Richard’s Year of Movies — How to Train Your Dragon
April 25, 2010 Leave a comment
First, a bit of an explanation. It’s not like I haven’t been watching movies at all since the last one of these. But like I said before, I’m only commenting on films I’ve watched in their entirety from start to finish, and lately, I’ve been the flipper king, catching stuff halfway through and sticking around. Plus my Netflix queue is working its way through a couple of TV shows, so no movies coming from there.
Anyway, on to How to Train Your Dragon, or as I like to call it, Dreamworks Finally Gets It. Now, I haven’t seen Kung Fu Panda (yeah, yeah, it’s in my Netflix queue), but all the Dreamworks animated films I’ve seen have felt too manufactured, too much like they got a couple of stars on board and then worried about coming up with a story for them to be in. And those stories were usually too reliant on pop culture references and the personalities of those stars to have that timeless feel of the classic Disney films and the Pixar films.
How to Train Your Dragon could have been a Pixar film.
There’s the still that Dreamworks irreverence, but it’s reined in, used in a way that complements the setting and story rather than stomping all over it. It’s got three really great emotional relationships at the heart of it (boy/girl, boy/father, and boy/dragon) that don’t ever feel treacly or false. And it’s as exciting an adventure story as anything that’s come along recently, while using its 3D to complement everything rather than a cheap add-on. There are moments of lyrical beauty here that are almost incidental; they’re not lingered on in a “Hey look at me fashion”, but just part of the palette of the picture.
The animation is top-notch too. Great detail, but that’s just rendering for the most part. These characters do so much purely visually, be it a look, or a setting of the shoulders, or a cocking of the head. Everyone’s incredibly expressive, and it really helps draw you in. There’s also some great work in the climax, with fog and water and fire and clouds all swirling about the characters, and a monster at the end that is invested with true mass and heft and really feels like the “HOLY CRAP!” threat its supposed to be.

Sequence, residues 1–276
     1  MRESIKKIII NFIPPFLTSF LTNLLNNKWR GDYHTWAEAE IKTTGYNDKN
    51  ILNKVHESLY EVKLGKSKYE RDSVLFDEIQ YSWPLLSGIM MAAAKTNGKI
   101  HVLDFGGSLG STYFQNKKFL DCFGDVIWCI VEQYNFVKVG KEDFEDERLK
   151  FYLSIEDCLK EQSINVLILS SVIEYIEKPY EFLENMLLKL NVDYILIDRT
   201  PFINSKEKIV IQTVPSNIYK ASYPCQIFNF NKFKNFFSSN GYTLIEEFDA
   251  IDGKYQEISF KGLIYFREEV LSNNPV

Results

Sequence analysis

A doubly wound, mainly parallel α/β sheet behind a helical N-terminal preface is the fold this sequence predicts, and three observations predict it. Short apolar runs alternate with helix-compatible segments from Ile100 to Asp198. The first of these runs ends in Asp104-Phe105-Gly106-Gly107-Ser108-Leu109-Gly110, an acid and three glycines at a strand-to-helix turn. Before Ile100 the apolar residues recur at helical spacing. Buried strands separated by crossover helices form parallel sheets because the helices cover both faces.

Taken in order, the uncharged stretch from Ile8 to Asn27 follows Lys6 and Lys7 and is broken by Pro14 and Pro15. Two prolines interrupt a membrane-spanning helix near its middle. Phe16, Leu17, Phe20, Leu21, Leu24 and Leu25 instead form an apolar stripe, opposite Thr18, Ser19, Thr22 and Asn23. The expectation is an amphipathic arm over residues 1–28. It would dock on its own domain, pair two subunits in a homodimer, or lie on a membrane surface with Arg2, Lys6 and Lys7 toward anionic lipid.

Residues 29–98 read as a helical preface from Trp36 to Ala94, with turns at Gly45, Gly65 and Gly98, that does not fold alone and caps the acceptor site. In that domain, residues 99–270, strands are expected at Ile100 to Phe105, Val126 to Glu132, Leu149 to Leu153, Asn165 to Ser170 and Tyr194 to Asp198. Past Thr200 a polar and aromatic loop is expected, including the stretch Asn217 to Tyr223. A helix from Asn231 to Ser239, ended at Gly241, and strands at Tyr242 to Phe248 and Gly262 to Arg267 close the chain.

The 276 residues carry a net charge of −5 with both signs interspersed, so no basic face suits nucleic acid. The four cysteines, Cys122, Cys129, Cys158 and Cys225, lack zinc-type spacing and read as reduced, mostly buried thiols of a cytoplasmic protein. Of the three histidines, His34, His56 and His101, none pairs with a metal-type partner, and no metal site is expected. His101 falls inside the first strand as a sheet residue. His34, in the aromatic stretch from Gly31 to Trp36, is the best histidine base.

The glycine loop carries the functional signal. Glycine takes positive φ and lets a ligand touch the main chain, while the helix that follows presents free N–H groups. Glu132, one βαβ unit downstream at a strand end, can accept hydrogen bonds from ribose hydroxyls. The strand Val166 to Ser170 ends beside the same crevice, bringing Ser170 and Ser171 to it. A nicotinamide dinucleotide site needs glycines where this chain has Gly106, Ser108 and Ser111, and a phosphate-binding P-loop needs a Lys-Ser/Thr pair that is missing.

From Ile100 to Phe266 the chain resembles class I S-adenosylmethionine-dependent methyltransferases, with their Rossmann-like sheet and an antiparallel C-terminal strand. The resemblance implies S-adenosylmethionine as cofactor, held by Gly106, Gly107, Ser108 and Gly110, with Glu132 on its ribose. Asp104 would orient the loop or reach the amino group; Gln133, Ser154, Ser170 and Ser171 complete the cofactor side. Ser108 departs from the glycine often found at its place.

And I love the score. John Powell’s been on my radar since he teamed up with Harry Gregson-Williams for Shrek and Chicken Run, but his work here is just stellar. Rousing when it needs to be, but able to retreat and be understated when the moment calls for it, it’s a great sprawling score that’ll keep you sitting through the credits just to listen to it. I downloaded it from Amazon as soon as I got home.
I think the most telling thing about this film is how absolutely by-the-book it made the Toy Story 3 trailer that played before it look. Now, I love Toy Story and its sequel, and I’m a Pixar acolyte, but seeing Buzz Lightyear dancing around with a Spanish accent (along with the fact that we’re sequels to both Cars and Monsters Inc.), and then seeing Hiccup and Toothless soar through the clouds — well, it made Pixar look a little ordinary. And I never thought I’d see the day where I said that.
It’s a great movie for kids, it’s a great movie for anyone that used to be a kid, it’s just a great movie.